What Is the Cephalic Phase?

The cephalic phase begins with the sight, smell, or taste of food and ends with the first swallow as the food continues down the digestive system.
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  • Written By: Sandi Johnson
  • Edited By: Susan Barwick
  • Last Modified Date: 13 November 2014
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The cephalic phase is the first of three phases associated with gastric secretions in the digestive system. It is the point at which the brain sends a signal through the vagus nerve to the stomach, triggering the production of gastric juices. Specifically, this phase begins with the sight, smell, or taste of food and ends once the first bite is swallowed. Once food is swallowed and enters the digestive system, the gastric and intestinal phases take over.

In many respects, the cephalic phase is similar to warming up a gas combustion engine. Most gas combustion engines require some type of oil in order to facilitate internal movement. An ignition key or switch signals the oil to start circulating in the motor via an electrical wire. This phase is similar in that the senses serve as the key, the vagus nerve serves as the electrical wire, and peptic and gastric acids act as the oil.

Anticipation is the key to the cephalic phase. Cephalic, by definition, relates to the head, or in the case of digestion, the brain in particular. Seeing, smelling, or tasting food stimulates the brain with regard to food. Immediately following hunger or initial eating messages, the brain must pass that information to the stomach in order to begin the production of acidic enzymes in preparation for digestion. Gastric enzymes and similar stomach secretions are critical to the digestive process, as they break down food into usable proteins, sugars, and other components.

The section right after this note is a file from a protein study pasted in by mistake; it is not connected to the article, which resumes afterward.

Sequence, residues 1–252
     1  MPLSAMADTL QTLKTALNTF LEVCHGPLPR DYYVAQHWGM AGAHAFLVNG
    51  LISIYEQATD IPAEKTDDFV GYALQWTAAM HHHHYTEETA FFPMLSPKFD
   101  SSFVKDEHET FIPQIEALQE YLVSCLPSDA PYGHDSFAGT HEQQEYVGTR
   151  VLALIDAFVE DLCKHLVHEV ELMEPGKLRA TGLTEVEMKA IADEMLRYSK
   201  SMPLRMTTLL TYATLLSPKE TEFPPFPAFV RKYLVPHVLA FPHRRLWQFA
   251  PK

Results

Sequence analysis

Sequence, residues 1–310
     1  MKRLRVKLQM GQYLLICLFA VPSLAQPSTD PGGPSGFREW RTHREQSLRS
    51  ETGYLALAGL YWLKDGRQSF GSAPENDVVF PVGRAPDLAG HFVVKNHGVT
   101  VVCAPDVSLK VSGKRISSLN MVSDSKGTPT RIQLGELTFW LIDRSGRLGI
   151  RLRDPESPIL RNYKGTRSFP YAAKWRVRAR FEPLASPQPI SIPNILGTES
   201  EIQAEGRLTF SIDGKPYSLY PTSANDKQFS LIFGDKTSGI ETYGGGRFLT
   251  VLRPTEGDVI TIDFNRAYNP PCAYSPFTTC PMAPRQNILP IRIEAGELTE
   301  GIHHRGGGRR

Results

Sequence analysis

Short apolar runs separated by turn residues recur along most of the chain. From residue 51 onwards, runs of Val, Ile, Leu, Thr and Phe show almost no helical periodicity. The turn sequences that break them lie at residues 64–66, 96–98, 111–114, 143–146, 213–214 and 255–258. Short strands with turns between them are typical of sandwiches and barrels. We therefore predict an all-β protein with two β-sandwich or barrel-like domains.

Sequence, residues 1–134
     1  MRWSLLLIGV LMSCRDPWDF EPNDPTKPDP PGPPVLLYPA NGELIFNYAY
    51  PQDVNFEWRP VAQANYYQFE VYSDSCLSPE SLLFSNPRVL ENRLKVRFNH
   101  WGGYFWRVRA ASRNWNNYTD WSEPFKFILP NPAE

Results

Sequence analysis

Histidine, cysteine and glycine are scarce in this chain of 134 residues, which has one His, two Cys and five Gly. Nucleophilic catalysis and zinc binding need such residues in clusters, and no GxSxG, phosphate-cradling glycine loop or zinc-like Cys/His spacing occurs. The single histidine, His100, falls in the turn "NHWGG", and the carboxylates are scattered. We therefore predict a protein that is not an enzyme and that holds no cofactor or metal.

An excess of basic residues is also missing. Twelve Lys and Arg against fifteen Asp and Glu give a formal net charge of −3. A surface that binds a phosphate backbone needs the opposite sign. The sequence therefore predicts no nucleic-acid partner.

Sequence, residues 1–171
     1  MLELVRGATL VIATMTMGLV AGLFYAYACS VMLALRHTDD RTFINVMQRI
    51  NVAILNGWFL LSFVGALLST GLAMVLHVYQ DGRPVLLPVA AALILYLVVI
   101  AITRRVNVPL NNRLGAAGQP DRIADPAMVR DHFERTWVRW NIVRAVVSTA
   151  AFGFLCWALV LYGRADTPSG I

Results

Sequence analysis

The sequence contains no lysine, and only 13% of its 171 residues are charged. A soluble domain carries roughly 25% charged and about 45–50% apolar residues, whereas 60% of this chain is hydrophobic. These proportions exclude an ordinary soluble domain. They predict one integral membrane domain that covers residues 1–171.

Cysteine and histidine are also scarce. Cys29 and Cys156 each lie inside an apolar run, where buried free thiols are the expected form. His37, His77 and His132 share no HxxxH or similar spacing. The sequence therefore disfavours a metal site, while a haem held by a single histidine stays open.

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Without the cephalic stage, the stomach would be unable to produce the necessary digestive enzymes until after food had reached the stomach. While this would not prohibit digestion, it would indeed slow down the process considerably. Distention of the stomach caused by food during the gastric phase would be the only digestive signal the body would receive, cutting the production of gastric juices by as much as 50 percent. Proper digestion requires specific chemicals, released at just the right intervals, in order to provide the body with the most efficient method of nutrient absorption.

Other than a more efficient digestive process, this phase has a tremendous impact on subsequent digestive phases. During the gastric phase, gastrin and histamine control the pH of stomach contents. Lack of a cephalic phase would have consequences that would negatively affect the existing pH levels at the start of the gastric phase. Absence of initial peptic acids or a drop in initial levels during this phase could cause an increase or decrease in the pH level during the gastric phase, resulting in poor digestion and a less efficient intestinal phase.

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